empty classroomDear class of 2020,

I am a West Marion High School graduate Class of 1996. That year probably doesn’t mean anything to you, but if you do some quick math you’ll figure out I’m somewhere in the neighborhood of being as old as your parents.

Interestingly enough, in January of ’96, the United States experienced one of the worst blizzards on record, forcing the schools in New York to close for the first time in eighteen years. So those guys at least have a little something in common with you. Also in ‘96, Braveheart won the Oscar for best picture, the biggest newsmaker was the Menendez trial, a Michael Jordan led Chicago Bulls won yet another NBA championship, and we all eagerly awaited the Summer Olympics in Atlanta. I had to Google most of that (something I couldn’t have done in 1996) because honestly it just wasn’t that memorable. Except for the Olympics.

Now, every school has been closed for months, basketball is canceled, the Olympics are canceled, and did we really care who won the Oscar for best picture? Whatever it was, it’ll never be Braveheart.

Of course, we all know what the biggest newsmaker is today.

In 1996 I went to prom with a good friend of mine – nothing romantic or anything, and as graduation neared, our biggest concern was whether or not it would rain and we’d have to graduate in the gym. It had been years since a class had graduated in the gym, and we certainly didn’t want to be the first.

We didn’t get rained out. We had the graduation we wanted. Our Salutatorian gave a speech I don’t remember. Our Valedictorian gave a speech I don’t remember. A song was sung by a friend of mine which I don’t remember. We got our diplomas, deposited a marble in the hand of our principal as a practical joke when we shook his hand and posed for the picture, and we threw our hats in the air. We hugged each other, some cried, we took pictures, a few went off to post-graduation parties…and we moved on to the next chapter of our lives.

You see, graduation is a milestone ceremony for many. It is a formal letting go of the growing-up stage of life, passing through the gateway to the adult stage of life. We do this in front of friends and family, endorsed by those who have mentored us for twelve years and watched us grow from snotty-nosed kids to amazing adults.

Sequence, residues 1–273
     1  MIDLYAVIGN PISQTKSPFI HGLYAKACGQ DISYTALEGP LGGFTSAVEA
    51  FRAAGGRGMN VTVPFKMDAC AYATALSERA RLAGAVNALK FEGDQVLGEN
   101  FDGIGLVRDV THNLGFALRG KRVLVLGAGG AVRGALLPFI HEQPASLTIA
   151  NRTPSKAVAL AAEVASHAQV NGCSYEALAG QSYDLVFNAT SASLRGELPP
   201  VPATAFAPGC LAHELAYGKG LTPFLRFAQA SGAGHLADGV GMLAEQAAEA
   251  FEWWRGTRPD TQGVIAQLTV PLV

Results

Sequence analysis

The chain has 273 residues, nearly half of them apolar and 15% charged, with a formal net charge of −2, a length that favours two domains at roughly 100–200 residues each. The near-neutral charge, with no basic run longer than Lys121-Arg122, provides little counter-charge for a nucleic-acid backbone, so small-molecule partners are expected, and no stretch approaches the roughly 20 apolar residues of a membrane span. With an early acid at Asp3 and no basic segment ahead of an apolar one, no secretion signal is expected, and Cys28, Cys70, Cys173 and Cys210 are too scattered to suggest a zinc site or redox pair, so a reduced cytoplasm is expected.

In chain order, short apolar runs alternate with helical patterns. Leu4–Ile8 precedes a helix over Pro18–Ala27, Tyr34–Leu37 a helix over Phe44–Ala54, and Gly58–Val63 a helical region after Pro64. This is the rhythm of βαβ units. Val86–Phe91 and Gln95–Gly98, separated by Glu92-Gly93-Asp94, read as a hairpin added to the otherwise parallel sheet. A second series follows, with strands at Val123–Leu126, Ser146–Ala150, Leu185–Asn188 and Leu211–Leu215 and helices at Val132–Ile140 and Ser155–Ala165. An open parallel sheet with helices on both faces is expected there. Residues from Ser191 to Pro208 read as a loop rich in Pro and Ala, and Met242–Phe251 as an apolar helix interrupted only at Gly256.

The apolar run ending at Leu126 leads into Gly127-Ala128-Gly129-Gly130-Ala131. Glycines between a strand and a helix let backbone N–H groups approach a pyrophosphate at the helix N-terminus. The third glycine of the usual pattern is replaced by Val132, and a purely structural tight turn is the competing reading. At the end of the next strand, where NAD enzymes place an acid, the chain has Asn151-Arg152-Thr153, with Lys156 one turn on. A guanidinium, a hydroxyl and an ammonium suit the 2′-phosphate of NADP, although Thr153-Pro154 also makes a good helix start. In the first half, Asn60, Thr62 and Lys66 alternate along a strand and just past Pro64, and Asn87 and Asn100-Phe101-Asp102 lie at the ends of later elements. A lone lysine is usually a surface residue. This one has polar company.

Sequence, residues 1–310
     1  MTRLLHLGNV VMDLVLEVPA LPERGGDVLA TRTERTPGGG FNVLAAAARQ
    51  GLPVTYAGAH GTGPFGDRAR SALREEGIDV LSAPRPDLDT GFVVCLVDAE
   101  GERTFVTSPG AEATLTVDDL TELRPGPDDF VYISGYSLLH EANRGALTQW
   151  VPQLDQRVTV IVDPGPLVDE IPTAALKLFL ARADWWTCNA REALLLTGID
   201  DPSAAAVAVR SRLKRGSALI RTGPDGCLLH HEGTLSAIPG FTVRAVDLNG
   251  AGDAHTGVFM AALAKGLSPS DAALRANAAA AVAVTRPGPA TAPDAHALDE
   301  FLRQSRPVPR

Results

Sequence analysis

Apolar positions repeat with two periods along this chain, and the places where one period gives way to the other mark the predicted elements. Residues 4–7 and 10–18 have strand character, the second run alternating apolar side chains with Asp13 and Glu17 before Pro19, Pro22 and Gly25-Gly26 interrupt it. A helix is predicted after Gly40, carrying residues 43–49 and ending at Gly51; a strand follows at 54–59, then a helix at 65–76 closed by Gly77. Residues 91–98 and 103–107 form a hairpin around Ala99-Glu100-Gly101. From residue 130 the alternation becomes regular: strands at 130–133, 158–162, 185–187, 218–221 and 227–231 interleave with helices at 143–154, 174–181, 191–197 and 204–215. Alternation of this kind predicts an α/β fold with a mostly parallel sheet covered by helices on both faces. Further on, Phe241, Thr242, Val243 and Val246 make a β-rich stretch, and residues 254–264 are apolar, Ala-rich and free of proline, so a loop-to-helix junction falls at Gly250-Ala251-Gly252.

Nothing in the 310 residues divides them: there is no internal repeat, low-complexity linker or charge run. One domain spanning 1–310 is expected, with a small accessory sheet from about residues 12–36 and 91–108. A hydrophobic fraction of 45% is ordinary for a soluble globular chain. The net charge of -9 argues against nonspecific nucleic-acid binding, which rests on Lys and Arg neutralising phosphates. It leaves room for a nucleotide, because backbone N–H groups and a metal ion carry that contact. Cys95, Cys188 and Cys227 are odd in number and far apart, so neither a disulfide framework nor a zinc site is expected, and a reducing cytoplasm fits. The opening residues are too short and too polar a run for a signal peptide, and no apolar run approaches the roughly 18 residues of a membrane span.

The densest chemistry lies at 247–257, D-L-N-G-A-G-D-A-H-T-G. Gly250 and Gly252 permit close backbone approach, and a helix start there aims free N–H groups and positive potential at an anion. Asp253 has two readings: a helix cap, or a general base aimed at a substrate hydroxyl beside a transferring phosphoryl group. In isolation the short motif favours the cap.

For many, this passage is so rigid that they don’t look back. It draws a clear line between the high school version of us and the person we want to become for the rest of our lives. Relationships that were developed out of necessity are allowed to fall away as we begin to pursue those things that would define us as adults. For me, I was ready to go. I was ready to cross the threshold, to leave the village behind, and to enter into the adventure I was being called to pursue. I was ready to chase my dreams and live my life.

There are people with which I graduated in 1996 that I haven’t spoken to since that night. And before you shake your head and call shame on me, know this isn’t all that uncommon. Just as I haven’t spoken to those people in twenty-four years, it is also true that they haven’t spoken to me either. A few years back I reached out to one of my good friends in High School and apologized for not making more of an effort to stay in touch. His response? He said he thought it was just a part of growing up. He hadn’t had a second thought about it. We grew up. We moved on. We all did.